Though the population has always been small in this harsh environment, Greenland has experienced many environmental crises throughout its history. These have been due in large part to overhunting of many of the larger animal populations. Several of these, such as arctic fox, came close to extinction just before regulations were initiated. Populations are generally recovering well, though a regulated amount of hunting is allowed. Overgrazing and mechanical destruction of some species’ food sources has had an effect on populations. The Søndre Strømfjord, the most important area for caribou in Greenland, began to experience a dramatic decrease of populations in the late 1970's, which was explained in part by destruction of lichen areas, climate, and lack of natural predators (Böcher and Petersen 1997).

There are eight Ramsar sites along the west coast of Greenland’s low arctic tundra: Aqajarua-Sullorsuaq, Eqalummiut Nunaat-Nassuttuup Nunaa, Kitsissunnguit, Kitsissut Avalliit, Kuannersuit Kuussuat, Naternaq, Qínnquata Marraa-Kuussuaq, Ikkattoq & adjacent archipelago. Most of these are designated due to important populations of seabirds, which use the sites for breeding, staging, or molting. Eqalummiut Nunaat-Nassuttuup Nunaa is one of the most important areas in Greenland for the threatened goose, Anser albifrons flavirostris, with 3,000 individuals (10% of the world population) gathering there to molt (RAMSAR 2000). It is also a calving area for caribou, and the introduced muskox population is slowly spreading into the site. Naternaq is one of the most important wetland complexes in western Greenland, with an extensive marshy plain, many shallow lakes, and winding streams. This area is of particular botanical significance, supporting diverse communities that range from dense moss mats to dwarf scrub heath. Proposals have been made to introduce the muskox due to the abundance of its winter food in the site’s lowland areas (RAMSAR 2000).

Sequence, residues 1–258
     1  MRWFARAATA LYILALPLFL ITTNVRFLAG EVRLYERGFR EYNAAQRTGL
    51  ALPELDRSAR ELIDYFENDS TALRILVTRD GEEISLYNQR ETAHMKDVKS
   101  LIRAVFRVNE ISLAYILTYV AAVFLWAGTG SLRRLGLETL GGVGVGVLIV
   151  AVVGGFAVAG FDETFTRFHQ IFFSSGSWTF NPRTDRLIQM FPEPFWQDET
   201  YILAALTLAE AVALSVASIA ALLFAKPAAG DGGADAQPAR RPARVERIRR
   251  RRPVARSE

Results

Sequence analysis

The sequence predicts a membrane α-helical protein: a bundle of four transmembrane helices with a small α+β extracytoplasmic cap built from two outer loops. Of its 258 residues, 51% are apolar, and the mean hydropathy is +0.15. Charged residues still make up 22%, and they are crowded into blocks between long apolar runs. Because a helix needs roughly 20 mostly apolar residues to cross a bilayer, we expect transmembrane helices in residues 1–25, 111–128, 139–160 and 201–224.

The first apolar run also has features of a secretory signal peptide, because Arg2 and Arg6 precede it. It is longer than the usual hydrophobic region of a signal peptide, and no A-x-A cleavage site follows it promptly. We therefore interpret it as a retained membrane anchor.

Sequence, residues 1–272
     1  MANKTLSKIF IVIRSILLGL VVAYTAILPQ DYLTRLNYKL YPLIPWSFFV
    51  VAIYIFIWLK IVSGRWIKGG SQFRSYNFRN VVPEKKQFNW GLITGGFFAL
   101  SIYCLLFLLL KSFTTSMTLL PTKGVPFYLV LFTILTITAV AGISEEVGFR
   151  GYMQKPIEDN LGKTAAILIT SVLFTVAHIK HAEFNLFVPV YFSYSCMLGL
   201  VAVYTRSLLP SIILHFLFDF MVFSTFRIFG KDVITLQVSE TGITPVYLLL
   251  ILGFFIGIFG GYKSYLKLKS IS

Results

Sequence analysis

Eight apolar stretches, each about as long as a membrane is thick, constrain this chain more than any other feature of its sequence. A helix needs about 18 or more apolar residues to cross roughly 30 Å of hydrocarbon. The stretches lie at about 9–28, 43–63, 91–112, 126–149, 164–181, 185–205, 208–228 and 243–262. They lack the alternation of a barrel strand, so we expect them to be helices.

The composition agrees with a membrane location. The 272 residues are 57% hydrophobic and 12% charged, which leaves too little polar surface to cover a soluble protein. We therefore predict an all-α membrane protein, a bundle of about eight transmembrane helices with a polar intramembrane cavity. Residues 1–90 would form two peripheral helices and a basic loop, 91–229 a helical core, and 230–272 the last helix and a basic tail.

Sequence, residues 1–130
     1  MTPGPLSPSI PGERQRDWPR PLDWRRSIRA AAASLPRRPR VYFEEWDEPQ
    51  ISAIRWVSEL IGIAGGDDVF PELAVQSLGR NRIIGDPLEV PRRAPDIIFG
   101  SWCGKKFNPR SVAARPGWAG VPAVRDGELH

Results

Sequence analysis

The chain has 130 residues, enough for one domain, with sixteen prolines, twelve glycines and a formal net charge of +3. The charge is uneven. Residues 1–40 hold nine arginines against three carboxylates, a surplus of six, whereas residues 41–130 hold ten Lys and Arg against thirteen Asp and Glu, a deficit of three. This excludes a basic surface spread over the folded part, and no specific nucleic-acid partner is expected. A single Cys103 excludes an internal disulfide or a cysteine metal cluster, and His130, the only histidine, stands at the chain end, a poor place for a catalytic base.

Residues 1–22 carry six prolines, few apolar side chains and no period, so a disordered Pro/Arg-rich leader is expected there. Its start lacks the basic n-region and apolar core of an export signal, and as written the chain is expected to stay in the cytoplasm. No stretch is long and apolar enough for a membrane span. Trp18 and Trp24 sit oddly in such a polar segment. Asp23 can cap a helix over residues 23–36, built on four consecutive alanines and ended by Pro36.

Types and Severity of Threats
Arctic ecosystems are inherently fragile, due in part to the simplicity of their systems and to the fact that many of the organisms present are existing close to the limits of their survival. Greenland, being particularly poor in species even when compared to other arctic ecosystems, is vulnerable to even the smallest disruption. Aside from direct threats from human activites such as hunting and the alteration of vegetation, the forefront environmental concern potentially facing Greenland is global warming. A 1.8-3.6°C increase in the mean annual temperature of Greenland is predicted for the year 2100 (Kerr and Allen 2001). However, Southern Greenland has experienced a cooling of 1-1.6 °C over the past 60 years, which is explained by a decrease in deep water formation in the Greenland Sea, reducing the amount of warm Atlantic water flowing north (Kerr and Allen 2001). This cooling will likely counteract global warming in the low arctic tundra regions, but predictions are quite uncertain to what extent. The snow-free period may lengthen, increasing both the growing season and the active soil layer. These changes would undoubtably disturb the fragile ecosystem, possibly resulting in the loss of some species.

Justification of Ecoregion Delineation
This ecoregion generally corresponds to the ice-free, low arctic tundra zone of Greenland, widely accepted as part of the High Arctic-Low Arctic system (Bliss and Matveyeva 1992; Daniëls 1994; Böcher and Petersen 1997). The ecoregion includes the extreme southern tip of the continent, sometimes placed in the separate Northern boreal zone (Daniëls 1994).

References
Berthelsen, C., I.H. Mortensen, and E. Mortensen. 1993. Kalaallit nunaat - Greenland atlas . Atuakkiorfik, Greenland.

Bliss, L.C. and N.V. Matveyeva. 1992. Circumpolar Arctic Vegetation. Pages 59-90 in F. S. I. Chapin, R.L. Jefferies, J.F. Reynolds, G.R. Shaver, J. Svoboda, E.W., and Chu, editors. Arctic ecosystems in a changing climate: an ecophysiological
perspective. Academic Press, Inc., San Diego, CA.

Böcher, J. and P.M. Petersen. 1997. Greenland. Pages 685-720 in Ecosystems of the World; Polar and Alpine Tundra.

Daniëls, F.J.A. and J.G. De Molenaar. 1993. Dry coastal ecosystems of Greenland. Pages 39-50 in Ecosystems of the World, 2A.

Daniëls, F.J.A. 1994. Vegetation classification in Greenland. Journal of Vegetation Science 5:781-790.

Kerr, A. and S. Allen. 2001. Climate Change: North Atlantic Comparisons: page 7. Retrieved (2001) from: <http://www.scotland.gov.uk/library3/environment/ccna-07.asp>.

Pielou, E.C. 1994. A naturalist's guide to the Arctic. University of Chicago Press, Chicago, US.

RAMSAR. 2000. The Annotated Ramsar List: Denmark (and Greenland). Retrieved (2001) from: <http://www.ramsar.org/profiles_denmark.htm>.

Prepared by: Leann Trowbridge
Reviewed by: In process